Now, after going through the Deanston distillery, the scotch whisky experience, and having Tara tell me all about the stuff I knew what to expect going into the tour. It was basically the same stuff that you would get anywhere else. Malting vats, large stills, etc. The difference here was because of Glen Ord’s market. It is only sold on the Asian front, meaning that this place is the only location where you can buy the whisky west of Russia. I think my palate is developing rather nicely, as I was able to pick out the hints of toffee and vanilla that the whisky possesses. Moreover, because I showed interest our tour guide at the distillery let me and my folks try the 15 and 18 year old batches along with the complementary 12. Each had their own strength of flavor, and for the first time I gained a respect for how the aging process can turn a spirit. Fascinating stuff, that.
Beauly – At noon we stopped in the town of Beauly. Here we toured the Beauly priory, where Diana Galbadon got the names for some of her characters in the Outlander series. Despite its mainstream attraction, the priory was also remarkably different from others that I had visited due to some of its distinct preservation on the outside walls. Floor supports and open stairwells could be seen, which was a nice touch that kept me immersed. The fact that there were Fraser tombstones only added to that.
It was also in Beauly where we had lunch. We ate at Lovat Arms hotel, which is essentially a hotel in honor of the Lovat Frasers, my clan. There was a family tree on one wall, though sadly my mom and I had not the knowledge of how we fit into it. However, that did nothing to take away from the vibe of the place. The decor was decked out in Fraser tartan, and everywhere you looked there were paintings of famous Frasers. Aslo, the clan crest was everywhere. “Je Suis Prest” (Zhe swee prey), meaning “I Am Ready” lined the floors and the walls and made me feel right at home. I suppose I felt that way because a long time ago it was probably home to my kin, and so I felt a connection to the area.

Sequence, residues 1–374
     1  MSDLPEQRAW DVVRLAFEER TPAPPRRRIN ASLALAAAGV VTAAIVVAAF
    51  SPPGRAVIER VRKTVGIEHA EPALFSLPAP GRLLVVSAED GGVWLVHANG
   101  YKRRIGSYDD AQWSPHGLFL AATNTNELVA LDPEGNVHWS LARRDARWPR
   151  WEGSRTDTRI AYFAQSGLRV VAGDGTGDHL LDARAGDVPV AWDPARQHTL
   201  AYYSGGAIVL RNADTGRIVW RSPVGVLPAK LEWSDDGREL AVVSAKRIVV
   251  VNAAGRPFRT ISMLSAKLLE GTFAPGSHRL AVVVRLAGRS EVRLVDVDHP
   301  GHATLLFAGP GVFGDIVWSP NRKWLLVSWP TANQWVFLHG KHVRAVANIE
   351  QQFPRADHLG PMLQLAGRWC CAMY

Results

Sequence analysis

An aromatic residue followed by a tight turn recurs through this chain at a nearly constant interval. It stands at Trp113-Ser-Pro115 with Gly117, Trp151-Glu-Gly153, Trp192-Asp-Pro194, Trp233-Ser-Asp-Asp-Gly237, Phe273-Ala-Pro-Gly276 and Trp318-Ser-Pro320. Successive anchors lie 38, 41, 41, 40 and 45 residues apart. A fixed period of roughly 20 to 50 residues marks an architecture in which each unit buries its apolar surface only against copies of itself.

Culloden – I had read and heard about Culloden and the famous battle that had occurred here in the 18th century, but not until I stepped foot on the grounds did I truly feel the weight of the experience. It was here the Jacobites were routed, and from that came the highland clearances and the attempted destruction of highland culture. So clearly did it paint a picture in my head, and so heavily did it weigh upon my heart. The only other time I had felt this way was at Gettysburg, and I suppose that’s not uncommon given the similarities between the two events.
The Lovat Frasers were back in Inverness when the battle took place, but others were indeed at the field when the massacre began. I may not have the ties to them as I do the others, but seeing the family name on a mass grave gave me pause nonetheless. I can only imagine what it must’ve been like, hell in another era it could have been me, my brother, and my cousins on this field. It took only 45 minutes for over 1,000 clansmen to fall, in such a small space no less. Not being moved by that was not an option.